IWGVT Abstracts of Downloadable Documents

A series of abstracts of articles

Dave Kristjanson
Effective Demand and the Market Price of Production: Towards a Marxian Theory of Price Dynamics

Within a non-dualist interpretation of value and price of production there exists a tension between those who approach the determination of prices of production from a simultaneous method and those who argue for a sequentialist approach. I argue that the value category "market price of production" constitutes a further development of the value form of the commodity which bridges the gap between the static determination of prices of production and a dynamic analysis of the price adjustment pro- cess. While prices of production are the appropriate value category to theorize many important relationships, they are not appropriate to the level of abstraction at which markets are not assumed to clear and dynamic changes in prices and values are introduced. The two positions within the non-dualist interpre- tation of value are therefore not mutually exclusive; rather they represent arguments which are appropriate to different stages in the development of value and value form. The key to understanding how value can be used to theorize dynamic price adjustment processes lies in consistently inter- preting the meaning of socially necessary labour-time. Roberts argues that with the introduction of inter-industry competition in Volume III the meaning of abstract labour changes. It refers to an aliquot share of the total social labour rather than simple homogeneous labour as in the first two volumes. I argue the meaning of "socially necessary" undergoes a similar reconsid- eration with the introduction of deviations of market demand from market supply. Socially necessary labour-time must take into account the relationship of the labour expended in an industry to the total social need for the commodity as expressed by effective demand. Following a procedure Marx introduced in Chapter 10 of Volume III, I show how changes in demand affect the determination of the value of commodities. The resulting value category -- market price of production -- is fully defined under conditions of non-market clearing and thus provides the basis for a value theoretic analysis of price dynamics.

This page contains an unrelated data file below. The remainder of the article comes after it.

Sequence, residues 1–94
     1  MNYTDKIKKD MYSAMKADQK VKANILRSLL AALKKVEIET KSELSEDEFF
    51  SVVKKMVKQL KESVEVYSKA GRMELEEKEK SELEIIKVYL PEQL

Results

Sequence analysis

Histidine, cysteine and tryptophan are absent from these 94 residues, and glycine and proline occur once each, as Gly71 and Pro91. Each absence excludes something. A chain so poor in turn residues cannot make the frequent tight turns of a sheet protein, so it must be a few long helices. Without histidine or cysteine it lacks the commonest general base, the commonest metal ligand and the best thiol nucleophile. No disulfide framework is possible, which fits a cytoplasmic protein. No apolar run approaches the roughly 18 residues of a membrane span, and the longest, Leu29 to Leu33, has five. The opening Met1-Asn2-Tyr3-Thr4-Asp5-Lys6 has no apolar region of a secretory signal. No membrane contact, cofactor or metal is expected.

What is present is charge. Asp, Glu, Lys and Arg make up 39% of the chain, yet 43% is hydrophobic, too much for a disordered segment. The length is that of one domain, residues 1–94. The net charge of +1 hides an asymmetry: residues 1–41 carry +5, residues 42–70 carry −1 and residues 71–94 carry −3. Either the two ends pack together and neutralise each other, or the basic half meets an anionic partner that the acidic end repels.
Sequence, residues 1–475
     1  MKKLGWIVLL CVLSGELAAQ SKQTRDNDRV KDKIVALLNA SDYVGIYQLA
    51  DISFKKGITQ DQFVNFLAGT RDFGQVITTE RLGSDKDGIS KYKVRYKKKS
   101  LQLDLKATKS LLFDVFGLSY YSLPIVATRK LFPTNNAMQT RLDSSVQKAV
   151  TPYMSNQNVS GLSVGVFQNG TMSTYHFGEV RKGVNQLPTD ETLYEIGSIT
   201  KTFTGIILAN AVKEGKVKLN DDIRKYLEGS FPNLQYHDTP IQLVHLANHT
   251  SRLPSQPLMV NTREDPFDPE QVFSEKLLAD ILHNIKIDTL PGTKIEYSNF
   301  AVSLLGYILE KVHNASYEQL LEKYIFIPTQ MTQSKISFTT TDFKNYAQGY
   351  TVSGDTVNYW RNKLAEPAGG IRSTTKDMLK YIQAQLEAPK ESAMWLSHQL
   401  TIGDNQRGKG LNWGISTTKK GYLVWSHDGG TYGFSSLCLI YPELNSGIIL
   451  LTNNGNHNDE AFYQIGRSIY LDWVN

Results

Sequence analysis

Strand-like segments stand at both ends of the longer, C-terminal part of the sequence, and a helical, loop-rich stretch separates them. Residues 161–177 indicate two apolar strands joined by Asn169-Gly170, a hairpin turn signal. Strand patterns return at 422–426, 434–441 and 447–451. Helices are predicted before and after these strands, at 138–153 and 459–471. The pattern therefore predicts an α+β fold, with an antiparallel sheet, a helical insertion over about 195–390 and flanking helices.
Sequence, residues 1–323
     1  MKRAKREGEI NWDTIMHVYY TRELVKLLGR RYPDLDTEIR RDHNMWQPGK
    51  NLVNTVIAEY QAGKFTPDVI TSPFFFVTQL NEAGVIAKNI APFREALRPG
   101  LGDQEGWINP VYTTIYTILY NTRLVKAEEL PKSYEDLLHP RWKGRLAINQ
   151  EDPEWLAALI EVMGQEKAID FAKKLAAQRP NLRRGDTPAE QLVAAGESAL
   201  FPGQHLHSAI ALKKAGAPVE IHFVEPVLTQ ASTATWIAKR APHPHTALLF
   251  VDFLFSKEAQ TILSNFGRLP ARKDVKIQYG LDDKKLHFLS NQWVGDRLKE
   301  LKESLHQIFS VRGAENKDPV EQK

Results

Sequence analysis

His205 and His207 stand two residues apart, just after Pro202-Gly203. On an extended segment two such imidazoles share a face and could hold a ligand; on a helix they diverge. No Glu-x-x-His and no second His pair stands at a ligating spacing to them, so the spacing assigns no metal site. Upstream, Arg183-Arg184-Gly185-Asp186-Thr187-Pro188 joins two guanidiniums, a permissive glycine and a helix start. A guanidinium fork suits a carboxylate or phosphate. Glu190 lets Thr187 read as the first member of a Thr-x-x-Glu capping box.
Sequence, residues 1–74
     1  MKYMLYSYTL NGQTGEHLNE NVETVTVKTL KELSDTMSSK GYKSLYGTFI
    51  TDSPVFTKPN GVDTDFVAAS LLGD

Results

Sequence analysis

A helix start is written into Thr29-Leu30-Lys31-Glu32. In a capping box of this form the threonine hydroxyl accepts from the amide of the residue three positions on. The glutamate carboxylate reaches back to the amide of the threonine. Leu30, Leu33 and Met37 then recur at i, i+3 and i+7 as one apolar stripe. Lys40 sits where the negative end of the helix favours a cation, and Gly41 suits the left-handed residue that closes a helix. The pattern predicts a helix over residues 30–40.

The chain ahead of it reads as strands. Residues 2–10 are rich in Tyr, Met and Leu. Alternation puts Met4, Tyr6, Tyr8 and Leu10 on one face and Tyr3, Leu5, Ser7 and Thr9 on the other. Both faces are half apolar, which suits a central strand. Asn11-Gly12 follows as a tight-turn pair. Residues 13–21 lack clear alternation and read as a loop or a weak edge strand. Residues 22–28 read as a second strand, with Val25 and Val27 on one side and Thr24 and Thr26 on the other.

Enrique Dussel

Hegel, Schelling and surplus value: time and Capital.

Etelberto Ortiz Cruz